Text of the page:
All of the photos in this album are “originals” from the period when I was an infant in the mid-1940s — i.e., the period before I lived in Omaha, Riverside, Roswell, New York, Ft. Worth, and Denver (photos of which you may have seen already in my Flickr archives).

Before I get into the details, let me make a strong request — if you’re looking at these photos, and if you are getting any enjoyment at all of this brief look at some mundane Americana from 70+ years ago: find a similar episode in your own life, and write it down. Gather the pictures, clean them up, and upload them somewhere on the Internet where they can be found. Trust me: there will come a day when the only person on the planet who actually experienced those events is you. Your own memories may be fuzzy and incomplete; but they will be invaluable to your friends and family members, and to many generations of your descendants.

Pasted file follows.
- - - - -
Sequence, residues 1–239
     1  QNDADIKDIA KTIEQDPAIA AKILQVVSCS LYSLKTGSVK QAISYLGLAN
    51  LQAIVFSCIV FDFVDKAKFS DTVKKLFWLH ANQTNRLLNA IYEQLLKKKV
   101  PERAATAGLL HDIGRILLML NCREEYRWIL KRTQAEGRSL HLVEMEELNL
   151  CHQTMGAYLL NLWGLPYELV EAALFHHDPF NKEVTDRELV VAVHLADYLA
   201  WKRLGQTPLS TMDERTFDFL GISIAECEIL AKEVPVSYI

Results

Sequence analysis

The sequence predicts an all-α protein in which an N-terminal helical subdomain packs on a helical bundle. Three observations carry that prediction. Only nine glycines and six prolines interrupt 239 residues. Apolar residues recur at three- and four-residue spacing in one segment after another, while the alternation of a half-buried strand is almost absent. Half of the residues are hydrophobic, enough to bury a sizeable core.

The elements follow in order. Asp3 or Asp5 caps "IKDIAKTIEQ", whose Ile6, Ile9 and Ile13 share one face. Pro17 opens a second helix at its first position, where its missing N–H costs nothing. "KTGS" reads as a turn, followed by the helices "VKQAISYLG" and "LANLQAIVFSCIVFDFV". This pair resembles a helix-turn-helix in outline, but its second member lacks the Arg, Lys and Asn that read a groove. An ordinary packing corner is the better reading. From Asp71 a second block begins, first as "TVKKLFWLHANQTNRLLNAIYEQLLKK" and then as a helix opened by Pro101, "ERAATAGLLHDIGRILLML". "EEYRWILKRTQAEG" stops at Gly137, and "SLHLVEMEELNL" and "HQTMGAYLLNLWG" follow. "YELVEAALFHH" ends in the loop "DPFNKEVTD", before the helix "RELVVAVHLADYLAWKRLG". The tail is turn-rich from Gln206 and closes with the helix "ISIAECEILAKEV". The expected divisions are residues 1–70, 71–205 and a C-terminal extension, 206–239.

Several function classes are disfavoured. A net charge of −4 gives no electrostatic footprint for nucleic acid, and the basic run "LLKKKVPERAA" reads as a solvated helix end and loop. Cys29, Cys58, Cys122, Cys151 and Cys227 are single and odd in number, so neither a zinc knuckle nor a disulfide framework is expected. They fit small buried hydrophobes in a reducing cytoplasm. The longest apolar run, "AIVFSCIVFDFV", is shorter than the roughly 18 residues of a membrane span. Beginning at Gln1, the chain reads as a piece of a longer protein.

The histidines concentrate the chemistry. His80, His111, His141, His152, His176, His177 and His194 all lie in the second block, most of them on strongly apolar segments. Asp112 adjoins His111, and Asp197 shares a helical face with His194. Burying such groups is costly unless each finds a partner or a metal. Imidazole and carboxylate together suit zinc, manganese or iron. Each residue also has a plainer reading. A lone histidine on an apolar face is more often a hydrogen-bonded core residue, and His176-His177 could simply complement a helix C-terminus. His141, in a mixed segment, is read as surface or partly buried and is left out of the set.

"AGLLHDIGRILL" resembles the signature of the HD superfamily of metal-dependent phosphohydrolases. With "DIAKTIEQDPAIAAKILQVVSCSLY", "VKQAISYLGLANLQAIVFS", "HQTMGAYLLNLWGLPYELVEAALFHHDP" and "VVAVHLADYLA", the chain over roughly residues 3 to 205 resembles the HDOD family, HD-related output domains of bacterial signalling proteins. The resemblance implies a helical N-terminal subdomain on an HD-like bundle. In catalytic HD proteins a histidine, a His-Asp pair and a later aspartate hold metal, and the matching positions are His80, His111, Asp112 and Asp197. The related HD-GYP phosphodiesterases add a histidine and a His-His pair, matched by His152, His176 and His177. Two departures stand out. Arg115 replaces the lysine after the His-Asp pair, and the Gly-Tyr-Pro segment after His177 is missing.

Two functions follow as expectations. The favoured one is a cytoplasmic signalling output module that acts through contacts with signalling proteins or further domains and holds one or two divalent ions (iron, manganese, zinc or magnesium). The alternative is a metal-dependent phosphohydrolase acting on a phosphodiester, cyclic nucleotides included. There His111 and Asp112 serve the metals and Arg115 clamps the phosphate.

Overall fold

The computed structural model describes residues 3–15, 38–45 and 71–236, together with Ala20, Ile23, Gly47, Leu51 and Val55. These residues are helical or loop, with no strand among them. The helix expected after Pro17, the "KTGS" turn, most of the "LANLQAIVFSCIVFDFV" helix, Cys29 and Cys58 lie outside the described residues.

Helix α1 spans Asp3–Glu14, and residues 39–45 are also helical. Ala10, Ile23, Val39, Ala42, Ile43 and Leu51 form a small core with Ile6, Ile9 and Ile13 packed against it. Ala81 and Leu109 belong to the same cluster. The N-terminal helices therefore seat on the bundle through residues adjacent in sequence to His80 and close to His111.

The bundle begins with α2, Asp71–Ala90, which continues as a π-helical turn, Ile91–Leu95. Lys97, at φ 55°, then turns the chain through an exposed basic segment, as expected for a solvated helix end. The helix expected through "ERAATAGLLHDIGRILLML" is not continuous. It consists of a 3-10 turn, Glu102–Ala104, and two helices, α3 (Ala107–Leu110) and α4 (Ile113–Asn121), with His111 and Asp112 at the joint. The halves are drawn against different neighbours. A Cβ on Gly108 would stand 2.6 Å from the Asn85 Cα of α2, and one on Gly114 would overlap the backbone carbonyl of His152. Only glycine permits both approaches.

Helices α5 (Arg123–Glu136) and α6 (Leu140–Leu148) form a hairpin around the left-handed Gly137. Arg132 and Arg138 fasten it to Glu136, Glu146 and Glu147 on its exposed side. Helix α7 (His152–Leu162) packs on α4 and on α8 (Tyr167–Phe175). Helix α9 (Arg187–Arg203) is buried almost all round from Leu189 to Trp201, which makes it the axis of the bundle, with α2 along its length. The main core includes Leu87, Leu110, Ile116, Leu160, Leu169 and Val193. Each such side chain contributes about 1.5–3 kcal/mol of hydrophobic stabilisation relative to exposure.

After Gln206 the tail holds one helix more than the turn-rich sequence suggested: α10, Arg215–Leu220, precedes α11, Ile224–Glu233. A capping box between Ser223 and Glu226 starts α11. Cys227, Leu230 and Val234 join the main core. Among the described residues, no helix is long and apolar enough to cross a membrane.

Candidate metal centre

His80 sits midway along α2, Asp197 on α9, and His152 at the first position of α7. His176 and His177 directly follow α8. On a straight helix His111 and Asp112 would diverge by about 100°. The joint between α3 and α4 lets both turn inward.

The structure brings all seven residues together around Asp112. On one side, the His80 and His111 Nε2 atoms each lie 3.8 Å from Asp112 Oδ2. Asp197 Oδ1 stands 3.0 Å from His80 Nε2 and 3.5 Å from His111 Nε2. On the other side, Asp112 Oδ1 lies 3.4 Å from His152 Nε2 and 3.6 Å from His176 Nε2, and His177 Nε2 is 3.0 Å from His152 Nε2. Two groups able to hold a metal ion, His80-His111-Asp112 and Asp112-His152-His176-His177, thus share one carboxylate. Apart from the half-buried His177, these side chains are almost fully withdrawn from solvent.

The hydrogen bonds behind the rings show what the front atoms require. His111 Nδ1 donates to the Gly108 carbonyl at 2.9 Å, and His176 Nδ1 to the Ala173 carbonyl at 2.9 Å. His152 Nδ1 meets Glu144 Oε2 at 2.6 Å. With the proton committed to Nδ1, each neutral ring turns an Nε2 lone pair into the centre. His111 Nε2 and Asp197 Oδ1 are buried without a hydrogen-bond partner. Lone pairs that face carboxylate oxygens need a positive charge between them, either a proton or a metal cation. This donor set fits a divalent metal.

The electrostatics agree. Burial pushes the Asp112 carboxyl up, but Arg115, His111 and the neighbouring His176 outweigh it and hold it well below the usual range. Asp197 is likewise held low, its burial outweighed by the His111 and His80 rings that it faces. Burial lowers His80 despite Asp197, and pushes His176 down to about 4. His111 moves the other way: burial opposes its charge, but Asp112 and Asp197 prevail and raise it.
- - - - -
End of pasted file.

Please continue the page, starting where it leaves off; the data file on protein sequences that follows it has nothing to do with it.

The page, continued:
My own story changes dramatically at this point: the man I’ve presented as my Dad in previous Flickr albums, Ray Yourdon, was actually my stepfather. My birth parents grew up in Washington DC, married, and moved to Florida in the early days of World War II. My birth father worked as a flight instructor for the Air Force, and I was born on an Air Force base near Ft. Walton Beach, in the panhandle section of Florida (which you can read about here, if you’re interested: www.eglin.af.mil )